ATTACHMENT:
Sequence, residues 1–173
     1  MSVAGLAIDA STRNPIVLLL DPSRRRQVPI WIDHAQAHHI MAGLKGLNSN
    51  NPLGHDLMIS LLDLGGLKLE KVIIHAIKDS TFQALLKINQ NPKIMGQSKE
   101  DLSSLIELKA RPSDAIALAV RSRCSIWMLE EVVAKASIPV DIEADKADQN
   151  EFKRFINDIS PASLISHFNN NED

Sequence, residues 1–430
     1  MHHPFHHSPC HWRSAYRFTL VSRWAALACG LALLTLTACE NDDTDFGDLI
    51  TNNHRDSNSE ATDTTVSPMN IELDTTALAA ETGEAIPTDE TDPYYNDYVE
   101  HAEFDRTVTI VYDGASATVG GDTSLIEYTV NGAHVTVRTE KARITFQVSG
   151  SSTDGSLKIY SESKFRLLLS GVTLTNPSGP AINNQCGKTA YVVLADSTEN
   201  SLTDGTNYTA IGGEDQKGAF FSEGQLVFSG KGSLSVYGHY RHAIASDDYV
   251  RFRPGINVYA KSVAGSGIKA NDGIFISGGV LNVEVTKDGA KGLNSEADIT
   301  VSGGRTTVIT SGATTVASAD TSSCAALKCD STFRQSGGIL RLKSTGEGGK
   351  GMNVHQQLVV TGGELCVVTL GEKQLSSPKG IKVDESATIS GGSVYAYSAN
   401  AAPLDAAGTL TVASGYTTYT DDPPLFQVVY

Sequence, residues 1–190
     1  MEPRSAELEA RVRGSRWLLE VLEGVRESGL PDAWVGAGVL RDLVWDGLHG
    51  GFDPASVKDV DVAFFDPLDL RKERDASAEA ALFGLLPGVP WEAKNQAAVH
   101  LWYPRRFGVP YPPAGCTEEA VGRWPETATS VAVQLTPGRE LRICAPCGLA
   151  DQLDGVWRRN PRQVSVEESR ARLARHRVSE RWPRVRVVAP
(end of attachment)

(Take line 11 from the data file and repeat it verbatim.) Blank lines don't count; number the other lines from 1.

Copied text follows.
   201  SLTDGTNYTA IGGEDQKGAF FSEGQLVFSG KGSLSVYGHY RHAIASDDYV